Galerida cristata Linnaeus, 1758
Common names: Crested Lark [En], Cochevis huppé [Fr], Kuifleeuwerik [Nl], Haubenlerche [De], Cappellaccia [It], Cogujada común [Es], Κορυδαλός, Κατσουλιερης [Gr], Tepeli Toygar [Tu].
IUCN Status: LC (Least Concern)
Pamukkale, DENIZLI ● Turkey
Description: This is a smallish lark, slightly larger and plumper than the Skylark (Alauda arvensis). Both females and males have the prominent crest, which is used for signalizing – either to acquire sympathies or, on the contrary, to scare other birds. It is greyer than the Skylark, and lacks the white wing and tail edges of that species.
In flight it shows reddish underwings. The body is mainly dark-streaked grey above and whitish below. The song is melodious and varied, with mournful whistles and mimicry included.
Biology: It is non-migratory, and the sedentary nature of this species is illustrated by the fact that it is only a very rare vagrant to Great Britain, despite breeding as close as northern France.
These birds usually live either in pairs or small flocks of 3-5 individuals. If food is scarce, up to 15 Crested Larks can look for food together. Crested Lark runs along the ground with tiny steps, spending most of the day picking off bugs and seeds from the ground. In the evening, the bird finds a shallow hole in the ground to spend the night in. When sleeping, the bird ruffles its feathers to conserve heat.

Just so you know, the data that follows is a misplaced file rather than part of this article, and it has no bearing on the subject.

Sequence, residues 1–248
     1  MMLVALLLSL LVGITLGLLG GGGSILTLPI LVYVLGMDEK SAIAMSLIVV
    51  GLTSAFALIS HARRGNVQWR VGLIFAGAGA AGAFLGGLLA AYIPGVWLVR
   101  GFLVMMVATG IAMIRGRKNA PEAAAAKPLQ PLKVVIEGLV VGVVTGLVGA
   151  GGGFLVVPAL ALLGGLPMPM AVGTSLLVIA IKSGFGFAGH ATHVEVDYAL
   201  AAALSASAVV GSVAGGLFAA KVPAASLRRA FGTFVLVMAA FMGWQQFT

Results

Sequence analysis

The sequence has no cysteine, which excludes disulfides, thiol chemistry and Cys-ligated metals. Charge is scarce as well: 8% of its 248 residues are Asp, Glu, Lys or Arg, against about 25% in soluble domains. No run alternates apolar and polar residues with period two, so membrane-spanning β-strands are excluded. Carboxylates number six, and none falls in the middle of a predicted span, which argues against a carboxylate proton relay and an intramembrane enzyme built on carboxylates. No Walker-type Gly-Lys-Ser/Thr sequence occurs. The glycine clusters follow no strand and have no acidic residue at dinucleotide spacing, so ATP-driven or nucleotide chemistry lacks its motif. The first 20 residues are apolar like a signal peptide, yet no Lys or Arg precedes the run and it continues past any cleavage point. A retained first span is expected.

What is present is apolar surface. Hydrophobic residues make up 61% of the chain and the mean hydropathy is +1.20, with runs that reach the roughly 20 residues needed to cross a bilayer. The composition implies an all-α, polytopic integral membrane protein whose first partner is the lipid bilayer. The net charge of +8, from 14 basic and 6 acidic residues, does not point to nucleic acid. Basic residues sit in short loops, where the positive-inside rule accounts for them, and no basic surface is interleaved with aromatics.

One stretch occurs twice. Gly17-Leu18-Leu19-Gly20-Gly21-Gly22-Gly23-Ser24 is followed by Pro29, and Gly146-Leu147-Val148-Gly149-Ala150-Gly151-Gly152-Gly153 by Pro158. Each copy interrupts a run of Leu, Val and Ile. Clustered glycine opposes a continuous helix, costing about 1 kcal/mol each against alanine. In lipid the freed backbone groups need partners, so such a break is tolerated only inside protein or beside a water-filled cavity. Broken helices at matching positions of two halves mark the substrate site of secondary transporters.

Crested Lark looks for food on the ground, searching the top layer of the soil and catching bugs, crickets, larvae, spiders and ants with the strong beak. The diet is also composed of a variety of seeds, sprouts and fresh leaves. The beak is well suited for breaking the strong chitin shell that bugs are shielded by. In winter, the Lark feeds on grass seeds, because there is often no other food available.
In spring, Crested Lark males start looking for a partner – running around, singing, flapping the wings and stretching the neck are all parts of the mating ritual. After a partner has been found, the female builds a nest on the ground and lays 2-4 eggs, which are then incubated for 12-14 days. The male keeps the territory safe of predators and rivals. If another Crested Lark enters the territory, the male tries to daze them with a loud song.
Chicks leave the nest 9 days after hatching, but the parents keep feeding them for 20 more days – until they have learned to fly. With the nest on ground, the chicks are quite vulnerable to predators and natural selection begins upon hatching.
Habitat: This is a common bird of dry open country and cultivation. They prefer territories with scarce vegetation and few trees.
Distribution: The Crested Lark breeds across most of temperate Eurasia from Portugal to northeast China and eastern India, and in Africa south to Niger.
It’s Nature, let’s discover
Perrins C. & Attenborough D., 1987. Collins New Generation Guide to the BIRDS of Britain and Europe. William Collins Sons & Co. Ltd., Glasgow, 320 pp.
Wikipedia, Crested Lark